Set in inter-war Albania during the brief reign of King Zog I, Broken April follows a writer, Bessian, and his wife as they honeymoon in the remote northern mountains. Bessian is fascinated by the kanun and its tragic code of ethics. He tells his wife Diana that the kanun has continued to operate throughout Ottoman, Serbian and Austrian occupations, as well as during the new monarchy. In this respect, the novel recognises the kanun as an alternate social authority. However, Bessian and Diana’s initial exoticism towards the kanun turns to dread and regret as they eventually confront the dark brutality of the blood feud.

Although Hoxha suppressed the kanun through a heavy-handed use of the state apparatus, Kadare sees it as a re-emergent force in post-communist Albania. Spring Flowers, Spring Frost opens with two children unearthing a hibernating snake, which Mark Gurabardhi takes as a metaphor for the return of unwanted social practices in the political vacuum of the present. One of these is the kanun. After living through the last years of the regime, Mark regards his relationship with a younger girlfriend as an opportunity to break with the past and link to the future. However, his girlfriend tells him that an uncle will soon visit her family and inform them whether or not they are involved in a pre-regime blood feud. With this specter of violence hanging over her family, Mark’s girlfriend is no longer a guide to the future, but is herself ‘held back by an ancient rusty hook.’

Beyond the kanun, Kadare identifies another potent, and potentially violent, social force in The Palace of Dreams (1980). The novel is set in a fictionalised 19th century Ottoman Empire and focuses on Mark-Alem Quprili, an ethnic Albanian whose family has long-standing ties with the imperial administration. Perhaps Kadare’s most accomplished work, it can sit alongside Yevgeny Zamyatin’s We and Orwell’s 1984 as an incisive critique of totalitarianism. The novel follows Mark-Alem as he takes up work in the Palace of Dreams – a government ministry responsible for the collection, selection and interpretation of the population’s dreams.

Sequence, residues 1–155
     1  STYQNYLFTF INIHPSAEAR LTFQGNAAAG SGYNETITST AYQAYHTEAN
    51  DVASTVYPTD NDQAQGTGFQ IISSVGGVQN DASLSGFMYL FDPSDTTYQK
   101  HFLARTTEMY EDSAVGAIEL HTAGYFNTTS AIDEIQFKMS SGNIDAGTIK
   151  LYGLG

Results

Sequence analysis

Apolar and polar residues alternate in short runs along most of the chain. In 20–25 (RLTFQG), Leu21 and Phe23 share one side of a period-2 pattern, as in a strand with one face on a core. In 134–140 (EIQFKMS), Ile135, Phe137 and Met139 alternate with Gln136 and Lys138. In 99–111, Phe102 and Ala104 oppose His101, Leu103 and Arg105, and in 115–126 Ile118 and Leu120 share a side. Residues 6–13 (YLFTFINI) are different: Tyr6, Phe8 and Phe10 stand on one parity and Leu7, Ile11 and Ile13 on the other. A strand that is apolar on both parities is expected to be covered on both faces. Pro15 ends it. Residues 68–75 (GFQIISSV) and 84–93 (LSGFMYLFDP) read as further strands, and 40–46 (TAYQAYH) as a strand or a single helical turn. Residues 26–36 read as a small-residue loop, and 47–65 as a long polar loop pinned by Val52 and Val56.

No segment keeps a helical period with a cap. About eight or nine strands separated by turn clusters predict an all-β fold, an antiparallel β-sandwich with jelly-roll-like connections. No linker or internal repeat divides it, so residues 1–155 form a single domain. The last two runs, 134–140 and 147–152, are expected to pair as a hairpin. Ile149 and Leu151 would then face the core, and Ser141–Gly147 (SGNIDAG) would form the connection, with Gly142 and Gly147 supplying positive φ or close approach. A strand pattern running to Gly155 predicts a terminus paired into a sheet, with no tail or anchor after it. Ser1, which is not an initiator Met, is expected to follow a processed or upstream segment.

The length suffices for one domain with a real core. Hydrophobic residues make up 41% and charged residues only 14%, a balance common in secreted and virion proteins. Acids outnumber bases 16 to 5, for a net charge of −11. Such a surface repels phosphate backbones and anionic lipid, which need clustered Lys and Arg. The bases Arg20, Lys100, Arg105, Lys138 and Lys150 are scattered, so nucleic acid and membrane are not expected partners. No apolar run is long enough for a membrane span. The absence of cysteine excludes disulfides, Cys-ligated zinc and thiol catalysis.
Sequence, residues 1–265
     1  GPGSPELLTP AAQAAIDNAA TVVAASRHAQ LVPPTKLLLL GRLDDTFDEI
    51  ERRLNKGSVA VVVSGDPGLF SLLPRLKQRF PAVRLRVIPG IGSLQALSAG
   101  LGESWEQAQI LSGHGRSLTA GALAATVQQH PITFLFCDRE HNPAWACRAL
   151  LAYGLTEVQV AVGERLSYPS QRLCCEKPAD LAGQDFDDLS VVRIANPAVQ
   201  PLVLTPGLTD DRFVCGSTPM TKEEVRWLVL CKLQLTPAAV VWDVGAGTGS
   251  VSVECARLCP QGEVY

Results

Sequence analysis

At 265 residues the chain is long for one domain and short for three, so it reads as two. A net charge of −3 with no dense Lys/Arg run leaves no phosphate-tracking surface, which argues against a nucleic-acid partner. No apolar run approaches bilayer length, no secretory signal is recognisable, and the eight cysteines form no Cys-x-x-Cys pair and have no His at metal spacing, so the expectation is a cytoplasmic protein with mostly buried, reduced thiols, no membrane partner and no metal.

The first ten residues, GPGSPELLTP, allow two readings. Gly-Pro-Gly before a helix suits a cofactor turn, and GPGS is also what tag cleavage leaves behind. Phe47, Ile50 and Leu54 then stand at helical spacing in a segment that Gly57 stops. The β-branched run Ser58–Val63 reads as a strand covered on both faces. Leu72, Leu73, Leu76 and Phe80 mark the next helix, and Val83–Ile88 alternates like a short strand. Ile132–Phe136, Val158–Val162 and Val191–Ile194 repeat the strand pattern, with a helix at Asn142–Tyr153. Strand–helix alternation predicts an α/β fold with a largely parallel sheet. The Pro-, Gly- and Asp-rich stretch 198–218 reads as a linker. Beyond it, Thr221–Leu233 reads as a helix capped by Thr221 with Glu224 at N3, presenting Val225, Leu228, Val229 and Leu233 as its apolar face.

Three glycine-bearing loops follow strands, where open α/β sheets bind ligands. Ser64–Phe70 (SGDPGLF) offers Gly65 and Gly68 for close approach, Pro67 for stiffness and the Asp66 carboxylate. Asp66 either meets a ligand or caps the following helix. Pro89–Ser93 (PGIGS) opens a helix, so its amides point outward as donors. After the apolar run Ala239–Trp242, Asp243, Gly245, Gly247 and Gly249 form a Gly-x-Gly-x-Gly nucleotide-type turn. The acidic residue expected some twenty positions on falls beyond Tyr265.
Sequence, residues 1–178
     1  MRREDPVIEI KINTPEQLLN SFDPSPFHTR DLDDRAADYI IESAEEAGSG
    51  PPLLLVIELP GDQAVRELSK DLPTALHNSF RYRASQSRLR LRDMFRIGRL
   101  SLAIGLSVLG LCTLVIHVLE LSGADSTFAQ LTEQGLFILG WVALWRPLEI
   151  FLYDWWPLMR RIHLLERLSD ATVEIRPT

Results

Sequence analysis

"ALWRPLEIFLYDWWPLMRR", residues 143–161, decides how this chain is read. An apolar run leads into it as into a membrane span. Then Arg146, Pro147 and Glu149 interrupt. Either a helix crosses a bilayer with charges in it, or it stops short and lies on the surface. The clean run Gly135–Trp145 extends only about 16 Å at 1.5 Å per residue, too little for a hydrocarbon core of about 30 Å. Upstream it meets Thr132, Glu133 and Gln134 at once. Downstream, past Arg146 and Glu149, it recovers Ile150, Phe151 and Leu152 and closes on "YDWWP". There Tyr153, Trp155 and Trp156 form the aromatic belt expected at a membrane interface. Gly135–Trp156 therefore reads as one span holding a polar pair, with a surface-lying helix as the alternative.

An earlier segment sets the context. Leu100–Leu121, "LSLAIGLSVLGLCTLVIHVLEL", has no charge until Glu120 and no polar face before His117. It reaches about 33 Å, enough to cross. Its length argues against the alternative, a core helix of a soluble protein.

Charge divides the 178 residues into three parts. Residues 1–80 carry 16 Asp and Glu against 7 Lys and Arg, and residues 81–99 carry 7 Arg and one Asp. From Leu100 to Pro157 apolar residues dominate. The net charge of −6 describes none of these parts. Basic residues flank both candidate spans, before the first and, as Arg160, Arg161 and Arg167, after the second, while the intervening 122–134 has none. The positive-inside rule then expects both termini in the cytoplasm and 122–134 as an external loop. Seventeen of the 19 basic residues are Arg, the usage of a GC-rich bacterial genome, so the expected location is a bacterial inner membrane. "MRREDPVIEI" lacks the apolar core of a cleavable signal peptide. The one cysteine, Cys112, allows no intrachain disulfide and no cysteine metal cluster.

Whereas Orwell’s Oceania maintained power through torture, surveillance and the control of language, Kadare’s state invades and occupies the collective subconscious. But the real importance of the novel rests in Mark-Alem’s growing awareness of his Albanian identity. This culminates in a violent scene as a family home is raided by imperial troops and his uncle is arrested after organizing a performance of the Quprili family ballad by Albanian rhapsodists. Following the confrontation, Mark-Alem returns to work the next day and finds himself promoted to Deputy Minister of the Palace of Dreams. Although his family was the target of a state purge, the Quprilis have orchestrated a counter-strike within the state apparatus and managed to install an Albanian at the top of the most powerful government ministry. Mark-Alem is left with the rather foreboding realization that deep-rooted ethnic forces are at work within the Empire, something to which he is inextricably bound.

Ethnic tensions simmer beneath the surface, and in The Palace of Dreams the totalitarian state is not ready to crumble, but to explode. In this respect the novel prefigures the violence that followed the break-up of Yugoslavia as well as more recent sectarian bloodshed in post-Hussein Iraq and Assad’s Syria. If The Siege offered a glimpse of hope beyond the regime, the more concrete visions in Broken April and The Palace of Dreams point to alternative social forces that carry their own forms of violence. In light of these, any sense of hope is less than fleeting.

A Hoxha-era poster promising to liberate women from the kanun

Myth and the May Day Parade

If counter-narratives and their coiled, doubled meanings become explanatory tools for past and present Albania, so too do myth and folktale. In Kadare’s writing mythic recitation is a dynamic and malleable tradition that adapts to the problems of the present, and his characters tell and retell myths until they take on contemporary meanings. Myth is essential to his novella Agamemnon’s Daughter, which was among a collection of texts smuggled into France in 1985. The narrative focuses on an unnamed journalist who receives an unexpected invitation to sit among the party elite during the May Day parade. As he makes his way through the Tirana streets, he begins to reflect on his recent break-up with his girlfriend. The daughter of a high-ranking official who is rumoured to be Hoxha’s successor, she can no longer risk her father’s reputation on a trivial love affair.